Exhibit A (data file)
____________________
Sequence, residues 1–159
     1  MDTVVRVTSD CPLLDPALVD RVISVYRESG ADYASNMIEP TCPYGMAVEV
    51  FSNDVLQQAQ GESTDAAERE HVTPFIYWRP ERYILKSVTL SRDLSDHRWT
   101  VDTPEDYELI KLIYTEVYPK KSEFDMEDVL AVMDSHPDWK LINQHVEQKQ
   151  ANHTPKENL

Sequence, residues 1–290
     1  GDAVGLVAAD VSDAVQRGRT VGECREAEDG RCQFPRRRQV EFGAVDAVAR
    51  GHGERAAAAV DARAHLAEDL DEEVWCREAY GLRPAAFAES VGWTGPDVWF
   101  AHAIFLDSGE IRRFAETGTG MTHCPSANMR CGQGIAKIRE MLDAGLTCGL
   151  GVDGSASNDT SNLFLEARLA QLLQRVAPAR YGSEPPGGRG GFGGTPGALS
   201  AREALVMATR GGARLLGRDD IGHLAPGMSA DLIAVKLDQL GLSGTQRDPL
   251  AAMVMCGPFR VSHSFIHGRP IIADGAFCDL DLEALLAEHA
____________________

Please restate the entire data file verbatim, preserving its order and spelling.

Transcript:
Sequence, residues 1–159
     1  MDTVVRVTSD CPLLDPALVD RVISVYRESG ADYASNMIEP TCPYGMAVEV
    51  FSNDVLQQAQ GESTDAAERE HVTPFIYWRP ERYILKSVTL SRDLSDHRWT
   101  VDTPEDYELI KLIYTEVYPK KSEFDMEDVL AVMDSHPDWK LINQHVEQKQ
   151  ANHTPKENL

Sequence, residues 1–290
     1  GDAVGLVAAD VSDAVQRGRT VGECREAEDG RCQFPRRRQV EFGAVDAVAR
    51  GHGERAAAAV DARAHLAEDL DEEVWCREAY GLRPAAFAES VGWTGPDVWF
   101  AHAIFLDSGE IRRFAETGTG MTHCPSANMR CGQGIAKIRE MLDAGLTCGL
   151  GVDGSASNDT SNLFLEARLA QLLQRVAPAR YGSEPPGGRG GFGGTPGALS
   201  AREALVMATR GGARLLGRDD IGHLAPGMSA DLIAVKLDQL GLSGTQRDPL
   251  AAMVMCGPFR VSHSFIHGRP IIADGAFCDL DLEALLAEHA